And then there are the thousands of examples of this ratio in nature, such as this: A person's height divided by the distance from his or her belly button to the ground equals phi. And that, of course, is the kind of tidbit that gives the number (or ratio) its 'divine' nature. But there's a litle teeny-tiny problem with that: It's not a particularly true statement. Everybody is different, and some people have belly buttons a little higher than their height would lead one to calculate, while otherrs have it a little lower. Still, it is true that there are many, many places in nature where the phi ratio does come remarkably close to the ratio of things that grow. And this is not true of many of the other topics we see on chalkboards in classrooms as we go through the typical American mathematics curriculum. One example often noted is the measurements involving the way leaves spiral around a plant stem, or the way a flower's seeds arrange themselves as they blossom. But without getting into too much detail here, if you think about it, it makes perfect sense that plants, trees, and the like, would benefit from a garanteed pattern that is irrational. Otherwise, for example, if leaves sprung out of a plant's stem in a simple pattern that was ordered by a rational constant, such as in four or five inch increments, the leaves would be springing out in places directly above other leaves, shadowing them from the sunlight they need for photosynthesis and depriving their underlings of raindrops that might be neccesary to keep the exterior moist in regions that require moist protection from a blazing sun. Etc..
Lastly for now, many articles about phi seem to point out the fidelity with which ancient architects employed its proportions in the design of the pyramids as well as buildings as important as the parthenon. This is possible, of course, and architects, like members of any other field, are individuals. So there is a wide range of proportions employed in various works created during any period, and I, for one, once forced myself to stare at the parthenon from the best position I could locate to absorb the overall form as well as its geometric constituents, and then, after sitting down with a pencil and a piece of paper a tourist had been kind enough to leave on the ground when he had finished the candy bar it had sheltered, I was disappointed to find that if I was forced to arrive at the Phi ratio, I would have to select particular points of the structure to begin and end my calculations, and those points were either ones I selected arbitrarily (but not SO arbitrarily that I wouldn't be able to fudge the final results with some heavy-handed rounding of the measurements), or I would have to do a few of the steps of my calculations carefully but incorrectly in order to land on a figure that I could smudge up and round into place enough to please the small crowd that had gathered around me to drip ice cream on my head.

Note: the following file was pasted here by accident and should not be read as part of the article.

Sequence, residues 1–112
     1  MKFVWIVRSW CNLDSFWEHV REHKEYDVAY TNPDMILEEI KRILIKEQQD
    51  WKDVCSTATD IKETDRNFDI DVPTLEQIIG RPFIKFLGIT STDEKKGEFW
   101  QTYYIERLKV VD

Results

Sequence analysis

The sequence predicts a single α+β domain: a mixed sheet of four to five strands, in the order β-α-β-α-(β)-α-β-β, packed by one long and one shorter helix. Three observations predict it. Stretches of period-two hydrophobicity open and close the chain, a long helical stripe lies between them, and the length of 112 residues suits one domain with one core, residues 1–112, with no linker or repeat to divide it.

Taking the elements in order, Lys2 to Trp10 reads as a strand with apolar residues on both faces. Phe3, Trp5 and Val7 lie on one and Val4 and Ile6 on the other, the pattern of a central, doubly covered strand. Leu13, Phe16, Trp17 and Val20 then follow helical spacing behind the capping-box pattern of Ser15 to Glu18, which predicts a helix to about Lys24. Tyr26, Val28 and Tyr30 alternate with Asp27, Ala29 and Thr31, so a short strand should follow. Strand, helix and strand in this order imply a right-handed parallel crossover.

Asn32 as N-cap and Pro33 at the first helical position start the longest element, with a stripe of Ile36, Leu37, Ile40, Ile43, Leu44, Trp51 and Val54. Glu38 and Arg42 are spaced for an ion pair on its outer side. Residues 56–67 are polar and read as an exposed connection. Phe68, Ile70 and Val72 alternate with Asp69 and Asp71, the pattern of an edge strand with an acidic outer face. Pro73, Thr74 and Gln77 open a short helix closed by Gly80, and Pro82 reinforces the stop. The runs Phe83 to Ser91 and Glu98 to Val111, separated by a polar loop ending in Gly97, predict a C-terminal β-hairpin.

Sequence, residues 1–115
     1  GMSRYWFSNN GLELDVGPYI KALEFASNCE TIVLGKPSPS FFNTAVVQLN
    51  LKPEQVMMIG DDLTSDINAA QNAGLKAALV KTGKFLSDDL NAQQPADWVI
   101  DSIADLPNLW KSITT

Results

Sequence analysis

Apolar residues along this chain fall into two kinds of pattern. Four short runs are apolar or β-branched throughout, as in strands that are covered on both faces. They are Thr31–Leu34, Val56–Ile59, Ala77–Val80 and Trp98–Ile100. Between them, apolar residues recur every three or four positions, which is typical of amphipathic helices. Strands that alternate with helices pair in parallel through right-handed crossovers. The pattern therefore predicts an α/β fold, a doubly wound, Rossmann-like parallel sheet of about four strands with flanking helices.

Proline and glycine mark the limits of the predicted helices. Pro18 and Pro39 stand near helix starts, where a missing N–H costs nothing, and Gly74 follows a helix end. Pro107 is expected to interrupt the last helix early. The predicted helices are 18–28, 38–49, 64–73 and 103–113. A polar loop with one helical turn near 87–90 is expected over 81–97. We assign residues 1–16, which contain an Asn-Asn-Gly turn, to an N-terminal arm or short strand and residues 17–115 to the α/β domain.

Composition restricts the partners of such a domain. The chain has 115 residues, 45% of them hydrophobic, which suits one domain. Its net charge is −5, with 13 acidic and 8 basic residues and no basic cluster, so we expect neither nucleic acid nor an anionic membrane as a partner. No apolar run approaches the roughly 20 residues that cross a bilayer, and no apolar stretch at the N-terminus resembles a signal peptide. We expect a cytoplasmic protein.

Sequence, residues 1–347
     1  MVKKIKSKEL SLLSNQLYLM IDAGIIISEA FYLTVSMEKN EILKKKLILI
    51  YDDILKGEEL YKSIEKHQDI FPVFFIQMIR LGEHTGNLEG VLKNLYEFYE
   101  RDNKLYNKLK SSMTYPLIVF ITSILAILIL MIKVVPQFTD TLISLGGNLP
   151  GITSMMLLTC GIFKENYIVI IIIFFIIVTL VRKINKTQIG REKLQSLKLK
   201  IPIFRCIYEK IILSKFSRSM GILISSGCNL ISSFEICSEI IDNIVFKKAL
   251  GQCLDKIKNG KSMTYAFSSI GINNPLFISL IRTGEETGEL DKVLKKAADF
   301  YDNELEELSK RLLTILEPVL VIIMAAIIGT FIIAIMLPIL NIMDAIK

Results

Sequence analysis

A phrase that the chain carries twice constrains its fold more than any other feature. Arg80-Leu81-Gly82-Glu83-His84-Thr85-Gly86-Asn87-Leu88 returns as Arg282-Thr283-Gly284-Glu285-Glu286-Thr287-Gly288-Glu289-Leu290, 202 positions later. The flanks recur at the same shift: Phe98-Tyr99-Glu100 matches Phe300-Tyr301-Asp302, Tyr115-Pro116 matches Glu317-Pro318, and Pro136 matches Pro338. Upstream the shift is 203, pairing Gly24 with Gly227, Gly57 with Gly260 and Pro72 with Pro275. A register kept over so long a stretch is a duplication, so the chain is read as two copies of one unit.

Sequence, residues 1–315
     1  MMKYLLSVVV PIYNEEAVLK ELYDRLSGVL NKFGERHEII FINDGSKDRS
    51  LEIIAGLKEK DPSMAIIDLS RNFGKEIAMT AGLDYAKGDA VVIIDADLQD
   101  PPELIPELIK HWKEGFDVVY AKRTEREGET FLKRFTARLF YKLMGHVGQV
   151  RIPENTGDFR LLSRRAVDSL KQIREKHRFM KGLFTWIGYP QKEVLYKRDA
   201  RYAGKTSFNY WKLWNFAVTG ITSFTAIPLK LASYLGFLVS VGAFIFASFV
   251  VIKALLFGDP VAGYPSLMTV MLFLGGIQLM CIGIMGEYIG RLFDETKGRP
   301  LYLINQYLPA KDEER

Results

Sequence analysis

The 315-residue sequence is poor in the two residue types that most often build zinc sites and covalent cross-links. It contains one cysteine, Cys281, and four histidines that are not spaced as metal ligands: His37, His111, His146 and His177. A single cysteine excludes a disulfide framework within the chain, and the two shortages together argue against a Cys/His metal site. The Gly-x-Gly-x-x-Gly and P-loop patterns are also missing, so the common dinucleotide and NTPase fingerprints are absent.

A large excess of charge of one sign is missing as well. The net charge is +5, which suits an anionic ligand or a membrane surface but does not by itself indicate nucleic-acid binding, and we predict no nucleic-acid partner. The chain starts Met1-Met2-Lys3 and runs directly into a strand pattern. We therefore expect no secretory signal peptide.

There is, I suppose, a number of morals that both mathematicians and laypeople could take away from the above true account of my experience. But if I had to select just one as the part that I would feel most comfortable attaching to my name, it would be this: When sitting down to calculate, it's not a bad idea to be clear about expressing your likes and dislikes to anyone approaching with a dripping cone. Every culture has its do's and don't's, but there has to be something universal about the limits regarding how long a child should be permitted to drip his snack in the hair of another before a parent rushes in to stop the action.
I hope I managed to shed even a little bit of light on something, somehow, and I hope you enjoyed reading about the mathematically fascinating ratio we call phi.
Until next time, be well mathematically,